[time-nuts] quartz clock/watch question

Jim Palfreyman jim77742 at gmail.com
Fri Apr 18 19:40:42 EDT 2014


I've opened up my Casio G-Shock watch, found an electrical point, put an
oscilloscope on it and successfully adjusted it. From memory the frequency
was something weird, but I still tuned it successfully to within about a
second a month. I even think I posted to time-nuts on this...

Jim Palfreyman



On 19 April 2014 09:25, Bob Albert <bob91343 at yahoo.com> wrote:

> I have tried to pick up the oscillator from my wristwatch and have been
> unsuccessful.
>
>
> I tried both magnetic and electric probes.  Nothing.
>
> Bob
>
> On Friday, April 18, 2014 4:12 PM, Tom Van Baak <tvb at LeapSecond.com>
> wrote:
>
> > When a quartz watch or clock is assembled, what method is used to get it
> as accurate as possible?
>
> Bob,
>
> First generation quartz watches had a tiny F/S (fast/slow) trimmer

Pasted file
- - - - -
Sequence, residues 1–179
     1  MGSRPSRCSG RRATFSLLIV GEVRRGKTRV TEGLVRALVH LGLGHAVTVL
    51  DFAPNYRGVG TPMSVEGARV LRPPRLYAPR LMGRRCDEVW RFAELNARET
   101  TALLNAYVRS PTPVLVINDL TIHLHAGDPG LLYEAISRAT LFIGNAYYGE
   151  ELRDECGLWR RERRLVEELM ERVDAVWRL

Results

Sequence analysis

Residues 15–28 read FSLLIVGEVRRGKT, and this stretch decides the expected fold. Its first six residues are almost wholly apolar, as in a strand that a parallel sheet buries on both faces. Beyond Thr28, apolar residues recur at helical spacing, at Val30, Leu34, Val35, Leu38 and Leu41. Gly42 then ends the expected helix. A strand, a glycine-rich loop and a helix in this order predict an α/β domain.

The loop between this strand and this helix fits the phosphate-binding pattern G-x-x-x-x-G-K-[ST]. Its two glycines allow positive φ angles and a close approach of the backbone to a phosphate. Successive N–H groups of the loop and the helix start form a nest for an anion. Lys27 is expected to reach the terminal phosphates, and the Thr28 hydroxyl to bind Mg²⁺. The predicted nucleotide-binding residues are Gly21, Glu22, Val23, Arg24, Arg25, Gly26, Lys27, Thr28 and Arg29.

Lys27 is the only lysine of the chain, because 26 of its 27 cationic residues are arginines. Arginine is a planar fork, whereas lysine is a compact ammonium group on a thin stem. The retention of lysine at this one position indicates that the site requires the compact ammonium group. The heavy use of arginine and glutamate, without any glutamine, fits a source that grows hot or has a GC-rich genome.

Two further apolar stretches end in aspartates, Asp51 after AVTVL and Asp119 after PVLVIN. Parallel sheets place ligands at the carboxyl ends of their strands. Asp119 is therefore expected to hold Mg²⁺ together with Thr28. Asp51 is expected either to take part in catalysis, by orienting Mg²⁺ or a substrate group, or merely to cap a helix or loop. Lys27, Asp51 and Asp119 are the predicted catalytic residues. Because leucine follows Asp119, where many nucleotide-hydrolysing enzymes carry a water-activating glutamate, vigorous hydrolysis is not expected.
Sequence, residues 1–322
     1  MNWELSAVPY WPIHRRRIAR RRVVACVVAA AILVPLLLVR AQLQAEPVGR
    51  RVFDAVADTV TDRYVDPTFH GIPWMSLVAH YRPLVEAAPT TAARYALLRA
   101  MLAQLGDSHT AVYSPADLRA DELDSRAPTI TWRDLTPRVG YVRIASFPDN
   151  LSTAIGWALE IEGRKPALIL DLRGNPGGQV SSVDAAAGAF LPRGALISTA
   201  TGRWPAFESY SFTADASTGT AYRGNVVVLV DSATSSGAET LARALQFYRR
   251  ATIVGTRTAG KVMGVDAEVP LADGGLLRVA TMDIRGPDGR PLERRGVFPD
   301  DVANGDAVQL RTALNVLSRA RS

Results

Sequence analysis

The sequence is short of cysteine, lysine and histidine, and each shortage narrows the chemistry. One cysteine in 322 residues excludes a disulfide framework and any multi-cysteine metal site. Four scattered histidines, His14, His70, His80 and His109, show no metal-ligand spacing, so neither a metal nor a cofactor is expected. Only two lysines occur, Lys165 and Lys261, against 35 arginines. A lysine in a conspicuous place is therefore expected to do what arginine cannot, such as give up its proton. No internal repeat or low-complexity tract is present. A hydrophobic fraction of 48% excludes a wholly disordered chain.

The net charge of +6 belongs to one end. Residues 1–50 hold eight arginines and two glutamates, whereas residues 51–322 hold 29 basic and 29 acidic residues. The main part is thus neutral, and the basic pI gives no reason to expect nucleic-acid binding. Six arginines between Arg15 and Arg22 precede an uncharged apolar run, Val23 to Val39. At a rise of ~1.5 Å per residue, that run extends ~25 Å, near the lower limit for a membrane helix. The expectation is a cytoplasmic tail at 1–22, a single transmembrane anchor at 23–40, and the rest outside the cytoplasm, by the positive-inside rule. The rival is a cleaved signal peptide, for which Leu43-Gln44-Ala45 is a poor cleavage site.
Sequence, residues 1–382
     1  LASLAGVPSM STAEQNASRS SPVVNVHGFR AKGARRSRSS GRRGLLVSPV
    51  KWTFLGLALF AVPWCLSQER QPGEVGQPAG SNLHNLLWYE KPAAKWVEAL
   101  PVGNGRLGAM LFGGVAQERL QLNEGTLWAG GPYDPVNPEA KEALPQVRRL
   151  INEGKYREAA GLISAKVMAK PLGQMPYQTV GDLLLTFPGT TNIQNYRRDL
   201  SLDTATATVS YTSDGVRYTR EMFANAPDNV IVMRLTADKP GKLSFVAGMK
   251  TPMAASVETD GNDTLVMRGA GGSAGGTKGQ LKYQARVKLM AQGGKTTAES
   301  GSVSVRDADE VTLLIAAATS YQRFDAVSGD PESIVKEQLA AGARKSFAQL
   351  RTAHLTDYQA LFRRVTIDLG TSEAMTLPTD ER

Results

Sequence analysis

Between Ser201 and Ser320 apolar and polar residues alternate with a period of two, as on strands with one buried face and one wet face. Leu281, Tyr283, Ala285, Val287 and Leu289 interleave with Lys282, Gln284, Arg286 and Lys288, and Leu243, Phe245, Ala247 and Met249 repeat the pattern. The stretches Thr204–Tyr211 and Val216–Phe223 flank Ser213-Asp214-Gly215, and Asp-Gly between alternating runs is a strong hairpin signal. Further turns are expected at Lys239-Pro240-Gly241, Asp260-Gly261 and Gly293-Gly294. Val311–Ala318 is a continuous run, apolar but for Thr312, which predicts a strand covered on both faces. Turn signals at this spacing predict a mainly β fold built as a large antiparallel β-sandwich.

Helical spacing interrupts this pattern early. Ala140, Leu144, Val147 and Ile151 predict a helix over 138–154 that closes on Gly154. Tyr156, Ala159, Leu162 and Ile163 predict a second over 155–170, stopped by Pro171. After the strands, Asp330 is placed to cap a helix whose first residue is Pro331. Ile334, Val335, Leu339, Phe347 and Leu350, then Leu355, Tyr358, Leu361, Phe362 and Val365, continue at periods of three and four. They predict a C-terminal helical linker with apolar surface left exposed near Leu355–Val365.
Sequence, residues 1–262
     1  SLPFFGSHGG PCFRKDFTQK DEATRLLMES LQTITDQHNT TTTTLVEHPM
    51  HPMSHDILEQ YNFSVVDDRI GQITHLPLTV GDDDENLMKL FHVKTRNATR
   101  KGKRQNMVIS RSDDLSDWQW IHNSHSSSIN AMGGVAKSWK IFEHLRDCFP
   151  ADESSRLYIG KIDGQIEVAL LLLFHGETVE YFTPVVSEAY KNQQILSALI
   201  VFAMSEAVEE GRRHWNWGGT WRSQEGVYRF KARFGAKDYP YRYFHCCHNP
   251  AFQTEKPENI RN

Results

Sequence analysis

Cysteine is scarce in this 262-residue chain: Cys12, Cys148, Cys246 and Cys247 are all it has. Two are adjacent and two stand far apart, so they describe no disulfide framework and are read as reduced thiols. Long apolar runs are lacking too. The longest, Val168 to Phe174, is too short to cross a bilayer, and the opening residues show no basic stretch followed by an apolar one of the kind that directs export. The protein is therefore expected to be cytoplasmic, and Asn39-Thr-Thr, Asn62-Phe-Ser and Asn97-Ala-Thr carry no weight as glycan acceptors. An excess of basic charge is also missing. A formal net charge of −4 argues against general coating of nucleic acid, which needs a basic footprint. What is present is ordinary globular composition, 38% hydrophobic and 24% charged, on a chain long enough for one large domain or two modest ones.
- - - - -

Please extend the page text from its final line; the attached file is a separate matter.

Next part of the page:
> capacitor. These days it's done with skip cycles and one-time factory
> calibration. Think leap days or leap seconds -- it's easier and more
> reliable than changing the frequency of the oscillator itself. It's also
> one less part, easier to calibrate, and unlike active and passive
> components, math has no environmental sensitivity.
>
> Have a quick read of 32 kHz watch IC's like:
> http://www.nxp.com/documents/data_sheet/PCA2000_2001.pdf
>
> /tvb
>
>
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